Car and Driver recently discovered how Tesla Motors' (TSLA -0.89%) Model S steers itself on a challenging 50-mile course including freeway, rural, and city driving, dubbing the car the "clear winner" among the world's top semi-autonomous capable production vehicles. But I wanted to see how Model S handles itself solely on the highway. After all, this is what Tesla's Autopilot was built for, and it's this environment in which drivers will likely be more willing to actually turn the feature on. So, I hopped in a Model S to see how far I could make it on the highway without taking control.
My experience was shocking. Here's what happened.
When a Tesla drives you
In October, electric-car maker Tesla Motors rolled out a software update to its fleet of Model S cars that would give vehicles with Autopilot Convenience Features enabled the ability to automatically steer and change lanes on the highway. Paired with adaptive cruise control, which was already active in Model S, the software update made it possible for Tesla vehicles to essentially drive themselves on the highway, albeit with an occasional reminder from the owner that he or she was still alert and ready to take over if needed.
Four months after Autosteer was beamed to Tesla's fleet, it was time to put the technology to the test. The goal was to head south from Monument toward Colorado City to see how far I could drive without taking control of the wheel or touching the pedals with my feet. I thought I'd be lucky to make it through the entire stretch of Colorado Springs, which includes three- and two-lane highway driving and at least one construction zone. So, I figured there would be no need to plan for anything further than Colorado City, which was about 87 miles away from my starting point.
I certainly wasn't going to take any risks on this trip. And this wasn't just because I was borrowing a fully loaded P90D Model S with a price tag well over $100,000. I was cautious because I simply wasn't sure if I trusted sensors and computers navigating for me through traffic on a route this long -- even if the weather was great and the lane markings were clear. So, you can bet I was ready to grab the wheel if the vehicle started to do something I didn't like.
But Model S handled itself like a champ.
In a 61-mile drive, which passed through several cities, including the 27-mile-long stretch of Colorado Springs, I didn't have to steer or use the pedals a single time. I even changed lanes when I normally would have -- though by a tap of the blinker each time instead of by turning the wheel.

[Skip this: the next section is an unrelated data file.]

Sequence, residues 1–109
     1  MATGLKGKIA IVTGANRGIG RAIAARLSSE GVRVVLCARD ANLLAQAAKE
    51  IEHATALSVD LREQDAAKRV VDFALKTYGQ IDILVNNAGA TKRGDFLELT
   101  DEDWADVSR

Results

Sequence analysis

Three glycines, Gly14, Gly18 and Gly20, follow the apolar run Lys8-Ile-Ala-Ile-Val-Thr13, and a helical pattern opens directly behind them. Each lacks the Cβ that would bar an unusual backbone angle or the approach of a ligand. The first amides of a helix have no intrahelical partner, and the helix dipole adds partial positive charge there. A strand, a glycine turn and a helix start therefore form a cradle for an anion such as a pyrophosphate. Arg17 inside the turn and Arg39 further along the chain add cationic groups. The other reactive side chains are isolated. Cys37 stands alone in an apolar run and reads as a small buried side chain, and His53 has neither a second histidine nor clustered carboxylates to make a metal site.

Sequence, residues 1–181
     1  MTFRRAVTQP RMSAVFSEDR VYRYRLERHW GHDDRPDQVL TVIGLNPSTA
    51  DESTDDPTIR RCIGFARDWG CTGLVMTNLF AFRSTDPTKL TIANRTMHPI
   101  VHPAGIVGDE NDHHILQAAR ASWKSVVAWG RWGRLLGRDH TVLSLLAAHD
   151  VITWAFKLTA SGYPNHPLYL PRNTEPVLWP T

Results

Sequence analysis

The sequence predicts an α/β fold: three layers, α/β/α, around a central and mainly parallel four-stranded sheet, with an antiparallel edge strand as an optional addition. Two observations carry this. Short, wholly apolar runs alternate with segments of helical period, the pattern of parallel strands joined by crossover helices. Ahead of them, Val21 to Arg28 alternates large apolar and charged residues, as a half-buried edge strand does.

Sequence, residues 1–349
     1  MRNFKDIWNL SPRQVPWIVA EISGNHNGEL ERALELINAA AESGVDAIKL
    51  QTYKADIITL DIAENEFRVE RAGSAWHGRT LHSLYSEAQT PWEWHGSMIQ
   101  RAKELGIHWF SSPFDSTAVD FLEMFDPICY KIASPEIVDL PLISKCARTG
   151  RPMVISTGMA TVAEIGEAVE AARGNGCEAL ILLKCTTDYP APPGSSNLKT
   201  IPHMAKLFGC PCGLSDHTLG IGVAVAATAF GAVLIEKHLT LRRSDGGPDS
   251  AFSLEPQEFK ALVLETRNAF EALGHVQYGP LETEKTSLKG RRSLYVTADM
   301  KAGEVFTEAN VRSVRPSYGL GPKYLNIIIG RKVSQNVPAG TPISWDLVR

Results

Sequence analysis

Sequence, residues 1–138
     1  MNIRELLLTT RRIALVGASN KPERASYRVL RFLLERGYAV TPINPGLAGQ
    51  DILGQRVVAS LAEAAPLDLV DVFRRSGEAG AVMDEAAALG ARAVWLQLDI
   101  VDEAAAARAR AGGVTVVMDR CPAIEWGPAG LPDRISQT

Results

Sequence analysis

Other cars on the road would have never guessed it wasn't a human driving. Model S slowed when slower vehicles cut in front of me, sped up when they moved, and accelerated with eerily human-like driving skills amid lane changes when passing vehicles. And it avoided off-ramps when I was in the right lane -- even when there were no markings to separate my lane from the off-ramp.
All I did was adjust the cruise control speed every now and then and occasionally let the vehicle know I was alert by touching the wheel (but not with enough pressure to take control) every five minutes or so.
I ended the Autopilot experience on a narrow curve on the south end of Pueblo, Colorado. A semi truck beside me encroached into my lane, and I decided I didn't want to wait to see whether or not Model S would avert a collision. I grabbed the wheel.
With Model S nearly out of Pueblo and onto a long, boring stretch of highway by the time I had to grab the wheel, chances are I could have made it all the way to Colorado City if it wasn't for this interruption. Indeed, if a Tesla owner were to replicate a similar attempt with Autopilot, I wouldn't be surprised if the first interruption they experienced would be because the driver needed to exit the highway to charge.
This performance handily trumps the 29 interruptions experienced by Model S on Car and Driver's challenging route, highlighting just how well Autopilot works when used as it's intended: from highway on-ramp to highway off-ramp.
After letting a Tesla drive me for 61 miles, I'm convinced autonomous production cars may come sooner than we think.
Tesla CEO Elon Musk said earlier this year he believed the company would be able to produce vehicles that could be "summoned" across the country without a driver, even stopping to charge along the way, in just two to three years. Notably, though, Musk said the feat would require a next-generation suite of sensors with more redundancies built in.
While we wait for autonomous vehicles, Tesla's semi-autonomous technology offers a preview of what's to come. And the automaker will probably just keep upping the game with its current hardware sensor suite as it improves Autopilot and its Summon features with fleet learning technology and more over-the-air updates.